by Arnab Ray Ghatak
On the cigarette shop wall across the dusty bus depot in Sohna Chowk, is a painted advertisement for Arora Diagnostic Centre. It offers various tests at reasonable rates and - on public demand - it promises ultrasound tests twice a week (Tuesday and Saturday afternoons) for expecting mothers, courtesy of a doctor who drives down from the city.
When you drive down from Delhi to this border hamlet in Haryana, you pass by several such centres. All offer Ultrasound tests - in-house or out-sourced. And in a rather unique instance of advertising subtlety, none mentions the biggest service each offers - determining whether or not the mother gave birth to a girl.
The jeep arrives around 1.30 am. It has four women, their husbands and an elderly gent in it. The women wear shiny silver bracelets and anklets, and have their faces covered with bright pink saaris. Their husbands are non-smiling, muscled Jats - figures of tractor-driving patriarchal authority of rural Haryana. The elderly gent (probably the family uncle) who supervises the entire operation waits for the doctor to arrive.
There are others too. Young-to-middle-aged women with their husbands or mother-in-laws in tow. They all wait for the doctor to arrive from Gurgaon. Further down the street are two more diagnostic centres - "One of which (Ashoka Diagnostic Centre) has its own Ultrasound set up," says the paanwallah across the street.
2. Mahinder Singh, Investigative Journalist
Mahinder Singh, one of the husbands waiting for the doctor, is curious. He doesn't understand why city people should be concerned with things as trivial as an Ultrasound test. "Why, in my village (Palwal, neighbouring Sohna), we get two such doctors every week," he says.
When the problem of twisted sex ratios is explained to him and his companions, Mahinder (who works for a local courier company) nods and says the service is quite popular in the region, not to mention his own village, where each doctor has his hands full during each visit.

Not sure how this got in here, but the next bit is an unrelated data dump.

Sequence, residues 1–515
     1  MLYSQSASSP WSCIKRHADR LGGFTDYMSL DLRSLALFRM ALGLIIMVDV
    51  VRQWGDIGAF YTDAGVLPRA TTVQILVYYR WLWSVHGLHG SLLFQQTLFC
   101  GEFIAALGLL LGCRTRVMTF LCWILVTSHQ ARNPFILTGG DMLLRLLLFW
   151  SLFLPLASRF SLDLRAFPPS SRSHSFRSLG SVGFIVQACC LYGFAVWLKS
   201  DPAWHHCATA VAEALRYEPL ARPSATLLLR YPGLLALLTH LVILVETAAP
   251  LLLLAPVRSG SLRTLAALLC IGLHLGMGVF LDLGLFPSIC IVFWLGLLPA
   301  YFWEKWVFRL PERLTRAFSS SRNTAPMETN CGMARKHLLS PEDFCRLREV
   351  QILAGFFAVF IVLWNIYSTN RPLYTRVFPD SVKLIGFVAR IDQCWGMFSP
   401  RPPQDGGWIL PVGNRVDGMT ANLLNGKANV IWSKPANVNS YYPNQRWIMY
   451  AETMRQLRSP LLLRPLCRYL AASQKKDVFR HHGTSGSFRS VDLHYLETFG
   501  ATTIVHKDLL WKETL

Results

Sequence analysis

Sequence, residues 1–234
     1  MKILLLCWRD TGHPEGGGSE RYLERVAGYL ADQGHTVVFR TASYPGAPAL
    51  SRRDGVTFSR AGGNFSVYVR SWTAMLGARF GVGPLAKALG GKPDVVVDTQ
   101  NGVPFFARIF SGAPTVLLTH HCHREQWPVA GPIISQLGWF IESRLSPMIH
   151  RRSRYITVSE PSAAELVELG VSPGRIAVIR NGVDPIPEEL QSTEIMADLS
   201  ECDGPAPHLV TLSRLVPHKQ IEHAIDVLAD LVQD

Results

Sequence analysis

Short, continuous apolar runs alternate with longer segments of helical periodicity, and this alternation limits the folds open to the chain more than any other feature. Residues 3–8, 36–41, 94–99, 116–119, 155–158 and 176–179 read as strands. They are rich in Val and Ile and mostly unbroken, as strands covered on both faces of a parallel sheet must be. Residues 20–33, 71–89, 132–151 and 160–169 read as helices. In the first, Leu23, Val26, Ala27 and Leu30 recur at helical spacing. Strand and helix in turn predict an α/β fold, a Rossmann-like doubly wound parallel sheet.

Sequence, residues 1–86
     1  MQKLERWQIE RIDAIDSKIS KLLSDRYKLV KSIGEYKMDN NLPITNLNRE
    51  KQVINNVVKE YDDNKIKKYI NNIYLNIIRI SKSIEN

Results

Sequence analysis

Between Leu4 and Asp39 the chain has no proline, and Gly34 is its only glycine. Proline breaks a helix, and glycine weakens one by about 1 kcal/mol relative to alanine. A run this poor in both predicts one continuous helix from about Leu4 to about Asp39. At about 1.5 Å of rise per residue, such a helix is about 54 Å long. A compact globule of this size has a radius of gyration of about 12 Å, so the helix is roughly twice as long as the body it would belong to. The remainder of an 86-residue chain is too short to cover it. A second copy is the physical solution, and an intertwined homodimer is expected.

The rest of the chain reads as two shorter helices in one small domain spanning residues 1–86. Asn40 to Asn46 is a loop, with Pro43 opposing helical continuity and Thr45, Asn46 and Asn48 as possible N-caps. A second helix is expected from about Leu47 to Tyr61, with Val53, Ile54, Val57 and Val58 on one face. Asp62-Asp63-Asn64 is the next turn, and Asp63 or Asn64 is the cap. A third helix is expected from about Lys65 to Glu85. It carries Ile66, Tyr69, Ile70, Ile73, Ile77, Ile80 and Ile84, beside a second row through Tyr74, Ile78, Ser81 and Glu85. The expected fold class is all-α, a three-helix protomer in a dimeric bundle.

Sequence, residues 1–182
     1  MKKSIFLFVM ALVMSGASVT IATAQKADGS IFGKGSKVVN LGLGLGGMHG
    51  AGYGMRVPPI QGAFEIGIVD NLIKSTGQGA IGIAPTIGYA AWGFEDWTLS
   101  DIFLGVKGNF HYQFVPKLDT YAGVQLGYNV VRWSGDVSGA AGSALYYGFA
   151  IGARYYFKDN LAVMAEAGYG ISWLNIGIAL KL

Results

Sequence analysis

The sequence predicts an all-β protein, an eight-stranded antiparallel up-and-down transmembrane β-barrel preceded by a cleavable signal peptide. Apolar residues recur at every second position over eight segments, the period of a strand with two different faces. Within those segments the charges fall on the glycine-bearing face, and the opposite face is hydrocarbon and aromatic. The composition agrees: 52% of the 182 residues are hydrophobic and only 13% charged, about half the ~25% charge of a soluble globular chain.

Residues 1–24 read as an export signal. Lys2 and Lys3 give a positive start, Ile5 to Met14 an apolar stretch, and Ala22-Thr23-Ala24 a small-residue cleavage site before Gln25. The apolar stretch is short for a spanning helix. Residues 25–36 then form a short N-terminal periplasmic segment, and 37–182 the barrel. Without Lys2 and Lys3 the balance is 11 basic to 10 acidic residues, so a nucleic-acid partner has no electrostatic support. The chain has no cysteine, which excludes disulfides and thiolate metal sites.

"The doctors also perform abortions for a fee of Rs 1,500," Mahinder says, excited about being part of a news report. He wants to talk about it: "A large number of women undergo abortions in our village, and abortions happen till the fifth month of pregnancy," Mahinder says.
How many such abortions does he recall in the recent months?
"At least 20 to 30 in a couple of months… most families here are large with frequent pregnancies." And they don't want girls? Some of them do, he says. "But most only want boys, and if it's a girl child that the mother has borne, they choose to terminate it." Do his fellow villagers know it's illegal? Mahinder says they are indifferent (the general populace favours freedom of choice). However they do know that termination of a foetus as late as the fifth month is illegal.
"Would you like me call you when the doctor comes to Palwal next time?" Mahinder asks.
That'd be great.
"Is there going to be some kind of a reward?" ask Mahinder's companions, more concerned.
Well, there just might be one.
"But the doctors never give anything in writing, it's all verbal," they argue. No problem, we have a Dictaphone.
"Only way we can take it in is through the husband or the kids who accompany the woman," the men plan, encouraged - it seems - by the thought of the reward.
"But what about the police trouble?" one of the men asks. "The moment they find out who's got the press in, these doctors will bribe the cops to beat him up. What will you do save that man?"
Well, we could take the police in confidence and make it a well-coordinated sting operation. The men like the idea. They nod and take down necessary numbers.
"OK then, I'll let you know when he comes around," Mahinder promises. But there's a more important task at hand - with the three wives having undergone their check-ups, it's Mahinder's wife's turn now. So he excuses himself and walks into the tiny makeshift inspection room inside the diagnostic centre. To find out if it's a girl child his wife gave birth to.
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